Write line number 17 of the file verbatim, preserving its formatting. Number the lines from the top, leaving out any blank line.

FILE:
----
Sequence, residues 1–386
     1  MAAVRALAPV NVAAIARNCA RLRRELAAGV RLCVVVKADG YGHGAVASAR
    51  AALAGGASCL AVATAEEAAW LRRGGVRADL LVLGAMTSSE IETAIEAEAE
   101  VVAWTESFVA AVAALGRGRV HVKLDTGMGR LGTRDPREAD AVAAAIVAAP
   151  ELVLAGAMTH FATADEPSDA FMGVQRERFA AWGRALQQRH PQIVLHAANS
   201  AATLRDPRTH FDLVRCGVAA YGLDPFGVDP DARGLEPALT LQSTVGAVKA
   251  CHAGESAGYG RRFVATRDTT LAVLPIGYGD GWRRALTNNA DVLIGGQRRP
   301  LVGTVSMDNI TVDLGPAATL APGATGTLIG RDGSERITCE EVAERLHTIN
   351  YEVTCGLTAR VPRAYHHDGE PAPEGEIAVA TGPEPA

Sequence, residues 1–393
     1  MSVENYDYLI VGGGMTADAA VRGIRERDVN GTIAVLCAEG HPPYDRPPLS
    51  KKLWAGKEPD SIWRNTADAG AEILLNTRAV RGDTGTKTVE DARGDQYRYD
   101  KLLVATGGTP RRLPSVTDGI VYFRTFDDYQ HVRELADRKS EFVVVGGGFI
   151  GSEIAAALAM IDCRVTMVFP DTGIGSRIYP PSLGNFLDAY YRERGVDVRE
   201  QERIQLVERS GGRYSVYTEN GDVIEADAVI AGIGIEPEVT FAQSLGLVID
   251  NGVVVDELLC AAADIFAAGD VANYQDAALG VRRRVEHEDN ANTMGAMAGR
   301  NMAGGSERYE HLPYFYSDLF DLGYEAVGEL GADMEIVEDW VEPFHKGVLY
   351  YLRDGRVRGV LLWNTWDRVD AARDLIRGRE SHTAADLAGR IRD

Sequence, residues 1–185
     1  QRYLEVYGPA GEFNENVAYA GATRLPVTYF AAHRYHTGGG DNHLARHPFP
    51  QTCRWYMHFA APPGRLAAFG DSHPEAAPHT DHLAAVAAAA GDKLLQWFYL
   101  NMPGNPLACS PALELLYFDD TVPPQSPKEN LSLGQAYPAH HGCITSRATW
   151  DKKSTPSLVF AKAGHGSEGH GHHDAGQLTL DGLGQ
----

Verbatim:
   301  NMAGGSERYE HLPYFYSDLF DLGYEAVGEL GADMEIVEDW VEPFHKGVLY